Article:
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But instant messaging, chat rooms, emails and social networking sites can also bring trouble - from cyberbullying to more serious Internet dangers, including exposure to sexual predators.
How savvy are you about keeping your child or teenager safe online?
In the age of You Tube, a website that hosts videos shot by users, "Kids are looking for their 15 megabytes of fame," Aftab says. If it's a one-time thing, try to ignore the bully and block future contact, she says.
"They do it to show that they're big enough, popular enough, cool enough to get away with it." Often, kids don't tell parents they're being cyberbullied; they're afraid their parents will overreact or yank Internet privileges, Aftab adds. But if the cyberbullying involves any physical threat, you may need to call the police.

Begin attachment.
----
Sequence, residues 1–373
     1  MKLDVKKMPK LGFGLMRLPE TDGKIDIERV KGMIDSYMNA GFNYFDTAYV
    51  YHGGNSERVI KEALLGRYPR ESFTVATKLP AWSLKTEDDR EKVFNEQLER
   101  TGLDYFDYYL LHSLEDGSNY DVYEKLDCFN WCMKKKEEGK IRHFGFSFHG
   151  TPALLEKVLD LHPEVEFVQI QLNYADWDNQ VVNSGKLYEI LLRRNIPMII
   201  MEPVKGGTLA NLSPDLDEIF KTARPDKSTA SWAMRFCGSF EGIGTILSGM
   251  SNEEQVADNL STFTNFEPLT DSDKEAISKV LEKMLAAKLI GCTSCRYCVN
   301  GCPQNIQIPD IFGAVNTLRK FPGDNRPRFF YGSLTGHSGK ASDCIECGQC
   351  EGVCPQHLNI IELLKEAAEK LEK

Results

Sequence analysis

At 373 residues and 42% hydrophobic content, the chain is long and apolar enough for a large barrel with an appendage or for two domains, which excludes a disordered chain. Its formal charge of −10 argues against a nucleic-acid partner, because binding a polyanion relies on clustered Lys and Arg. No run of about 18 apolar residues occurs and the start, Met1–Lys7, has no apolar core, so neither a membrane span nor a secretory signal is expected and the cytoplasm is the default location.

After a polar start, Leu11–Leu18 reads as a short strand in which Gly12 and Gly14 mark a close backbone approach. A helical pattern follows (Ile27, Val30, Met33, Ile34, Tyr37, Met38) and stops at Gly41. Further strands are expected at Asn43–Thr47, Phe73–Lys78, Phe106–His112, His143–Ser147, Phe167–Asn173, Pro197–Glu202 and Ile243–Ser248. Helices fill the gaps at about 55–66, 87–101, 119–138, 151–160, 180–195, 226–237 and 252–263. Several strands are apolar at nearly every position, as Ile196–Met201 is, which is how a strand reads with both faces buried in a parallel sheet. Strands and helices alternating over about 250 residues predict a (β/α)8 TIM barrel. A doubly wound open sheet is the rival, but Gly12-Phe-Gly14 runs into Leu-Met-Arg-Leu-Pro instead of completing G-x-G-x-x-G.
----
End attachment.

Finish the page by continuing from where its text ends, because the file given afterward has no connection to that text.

"If you get the monitoring software, put it on the computer and forget that it's there," Aftab says.
That way, if someone's viewing porn, you'll have the records to deal with it.
Internet Safety Tips Some tips from for responding to cyberbullying: The online world opens the door for trusting young people to interact with virtual strangers - even people they'd normally cross the street to avoid in real life.
Cyberbullying differs from schoolyard bullying, Handy says. "When it happens online, there's no one to filter it," she says.The Cyber Tipline helps prevent sexual exploitation of children by reporting cases of kids enticed online to do sexual acts.While sexual predators have targeted children in chat rooms, they migrate to wherever young people go online, Shehan says.Software filters aren't a perfect solution; some nasty sites can slip through, while educational or family-rated sites may be blocked.So while some parents may wonder whether monitoring means they're spying on their kids, the safety factor often wins out.
Internet Safety Tips Camera phones, digital cameras and web cams are everywhere these days, and kids can be victims of their own inexperience with new technology.